The great white egret is more usually found in mainland Europe, but in recent years, there have been increased sightings of these elegant birds in England, a small number of which have been visiting the reedbeds and wetlands of the Avalon Marshes. Until now, none of these visitors have nested and there is growing excitement that this summer could see the beginning of a growing trend. ?Over the past few years, conservation work on a landscape scale has been carried out by Natural England and others across the Avalon marshes to restore old peat mining works and create a haven for wildlife – work that has also seen bitterns, otters and marsh harriers thrive again in the area.
Local birdwatchers spotted nesting activity on the Shapwick Heath Reserve in early April this year and alerted the Somerset Ornithological Society, Natural England and the RSPB. The three organisations immediately established a 24 hour nest watch operation with volunteers, who have currently clocked up over 1000 hours of nest-watching time. This ensured the birds were not disturbed whilst they completed their nest, concealed deep in the reed beds. ?

?This species tends to return to the same nest site each year, so it is hoped that this pair will be pioneers and that a colony of great white egrets will become established on the Avalon Marshes.?

??RSPB and Natural England have set up a recorded information line for people to keep up to date with the birds progress and details on visiting the reserve to view the birds. The number is 07866 554142. ?

?Visitors to Shapwick Heath are welcome but parking is very limited. Therefore, in order to avoid disturbance to local residents, visitors are asked to park at the Avalon Marshes Centre, Westhay, BA6 9TT, where you will find directions to the Great Egret Watch.?

Buzzard trapping plan abandoned as government U-turns again

Buzzard trapping plan abandoned as government U-turns again

Defra's controversial scheme to destroy protected species' nests to protect pheasant shoots dropped after public outcry.
The Guardian Wednesday 30 May 2012

A controversial plan to trap buzzards and destroy their nests to protect pheasant shoots has been abandoned by the government, the latest in a series of U-turns.

"In the light of the public concerns expressed in recent days, I have decided to look at developing new research proposals on buzzards," said Richard Benyon, the wildlife minister.

The climbdown is the fourth change of policy this week following about-turns on the "pasty tax" – VAT on hot snacks such as pasties and sausage rolls – and a big cut to the proposed rate of VAT on static caravans, a policy which is thought to have provoked the biggest rebellion by government MPs in this parliament; ministers have also scaled back their ambitions to expand the use of secret courts for security-risk cases, though the white paper on this is still deeply unpopular with lawyers and rights activists.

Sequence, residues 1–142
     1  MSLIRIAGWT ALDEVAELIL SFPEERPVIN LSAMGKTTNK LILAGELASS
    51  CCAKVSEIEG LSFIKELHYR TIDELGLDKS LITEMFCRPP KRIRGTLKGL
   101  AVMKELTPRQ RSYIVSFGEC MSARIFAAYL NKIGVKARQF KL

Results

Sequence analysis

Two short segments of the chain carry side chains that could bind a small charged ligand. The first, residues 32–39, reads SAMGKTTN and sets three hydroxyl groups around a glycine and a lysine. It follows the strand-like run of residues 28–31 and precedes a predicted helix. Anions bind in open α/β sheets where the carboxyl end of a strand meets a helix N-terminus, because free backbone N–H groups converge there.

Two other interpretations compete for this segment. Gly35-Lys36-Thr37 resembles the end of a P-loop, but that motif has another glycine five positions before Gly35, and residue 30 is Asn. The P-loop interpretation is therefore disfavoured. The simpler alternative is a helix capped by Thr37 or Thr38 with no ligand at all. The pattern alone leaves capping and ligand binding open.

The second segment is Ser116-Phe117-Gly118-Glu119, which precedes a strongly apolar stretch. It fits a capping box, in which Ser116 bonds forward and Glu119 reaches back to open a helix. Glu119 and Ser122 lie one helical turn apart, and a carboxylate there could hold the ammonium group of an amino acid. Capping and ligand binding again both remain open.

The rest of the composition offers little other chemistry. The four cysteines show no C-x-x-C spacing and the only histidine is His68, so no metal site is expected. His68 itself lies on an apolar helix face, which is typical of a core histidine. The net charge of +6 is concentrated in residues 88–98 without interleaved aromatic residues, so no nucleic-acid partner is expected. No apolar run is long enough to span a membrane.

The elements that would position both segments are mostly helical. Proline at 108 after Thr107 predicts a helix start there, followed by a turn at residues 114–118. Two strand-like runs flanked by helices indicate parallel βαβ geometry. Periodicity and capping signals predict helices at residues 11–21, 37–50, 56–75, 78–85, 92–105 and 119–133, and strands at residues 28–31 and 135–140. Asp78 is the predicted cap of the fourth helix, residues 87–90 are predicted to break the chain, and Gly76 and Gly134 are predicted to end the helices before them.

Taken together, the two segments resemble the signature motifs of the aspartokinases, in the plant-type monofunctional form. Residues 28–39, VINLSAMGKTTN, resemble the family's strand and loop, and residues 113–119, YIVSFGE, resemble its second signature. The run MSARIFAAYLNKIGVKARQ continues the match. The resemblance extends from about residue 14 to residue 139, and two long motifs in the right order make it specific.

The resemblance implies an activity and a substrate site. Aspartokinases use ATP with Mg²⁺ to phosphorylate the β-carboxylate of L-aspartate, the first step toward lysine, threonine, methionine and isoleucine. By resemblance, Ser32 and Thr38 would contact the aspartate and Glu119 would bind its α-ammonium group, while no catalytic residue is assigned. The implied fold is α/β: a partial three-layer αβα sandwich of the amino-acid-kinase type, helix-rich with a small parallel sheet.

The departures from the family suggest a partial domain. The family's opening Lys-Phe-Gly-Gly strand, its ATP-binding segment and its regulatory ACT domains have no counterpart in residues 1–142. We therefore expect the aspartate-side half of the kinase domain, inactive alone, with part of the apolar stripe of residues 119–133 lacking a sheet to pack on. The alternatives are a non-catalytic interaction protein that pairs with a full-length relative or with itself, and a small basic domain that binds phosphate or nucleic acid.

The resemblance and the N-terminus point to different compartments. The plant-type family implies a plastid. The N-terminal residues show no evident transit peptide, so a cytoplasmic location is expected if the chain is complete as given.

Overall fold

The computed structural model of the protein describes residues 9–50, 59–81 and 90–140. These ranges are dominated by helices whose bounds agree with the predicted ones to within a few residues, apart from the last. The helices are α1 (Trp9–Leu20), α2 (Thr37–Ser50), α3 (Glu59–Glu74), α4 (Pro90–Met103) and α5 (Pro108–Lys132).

The Department for the Environment (Defra) had planned to spend £375,000 on testing control measures for buzzards, after complaints that a surge in numbers of the protected bird of prey was leading to too many pheasant chicks being killed. But the proposal caused uproar among conservationists, who pointed out that the government's own documents acknowledged the number of pheasant chicks taken by buzzards was unknown, with only anecdotal evidence available.

"The minister has made a strong decision, reflecting the strength of the nation's desire to see government protecting precious wildlife," said Martin Harper, the RSPB's conservation director.

However, Tim Bonner, campaign director for the Countryside Alliance, criticised the U-turn. "That the government has chosen to ignore rural people in favour of a large and vocal special-interest group shows ministers are now willing to give in to whoever shouts the loudest," he said.

Labour has criticised the recent spate of U-turns, saying they are evidence of a wider "omnishambles". However government officials point out many of the proposals were made to be consulted on, and significantly altering or abandoning an idea is evidence that they are "listening" to expert and public views. "We're damned if we do, and damned if we don't," said one senior Liberal Democrat source.

The 2010 British Breeding Bird Survey shows the breeding population of buzzards rose by 146% from 1995-2009. Benyon said: "The success of conservation measures has seen large increases in the numbers of buzzards and other birds of prey <Actinic:Variable Name = 'and'/> I celebrate that. At the same time it is right that we make decisions on the basis of sound evidence and we do need to understand better the whole relationship between raptors, game birds and other livestock. I will collaborate with all the organisations that have an interest in this issue and will bring forward new proposals."

A Defra official acknowledged the RSPB's campaign had been compelling. She said the new research would aim to establish the impact of birds of prey on pheasants first, before considering control measures. There is no timetable for the new terms of reference.

The RSPB had pointed to previous research that found few pheasant chicks were killed by any bird of prey. An independent study by Adas and commissioned by the British Association for Shooting and Conservation found that, on average, 1-2% of pheasant poults released were taken by all birds of prey, the RSPB said.

Labour's Mary Creagh, shadow environment secretary, said: "I am delighted this out-of-touch government has dropped its stupid plans. This was the latest environmental blunder from a government that has long forgotten its pre-election green ambitions with the forests sell-off and badger cull."

The government has also been criticised for favouring grouse shooting in the Pennines, after its wildlife agency Natural England abandoned plans to ban the burning of peat land on a grouse moor and withdrew from an unprecedented legal action against the Walshaw Moor estate that sought to ban burning completely.Common Buzzard.Pic Neil Fifer

The Birder's Market | Resource | Bird news for Britain / Rest of the World | UK Bird News | Bird News for United Kingdom 2012 |  UK Bird News May 2012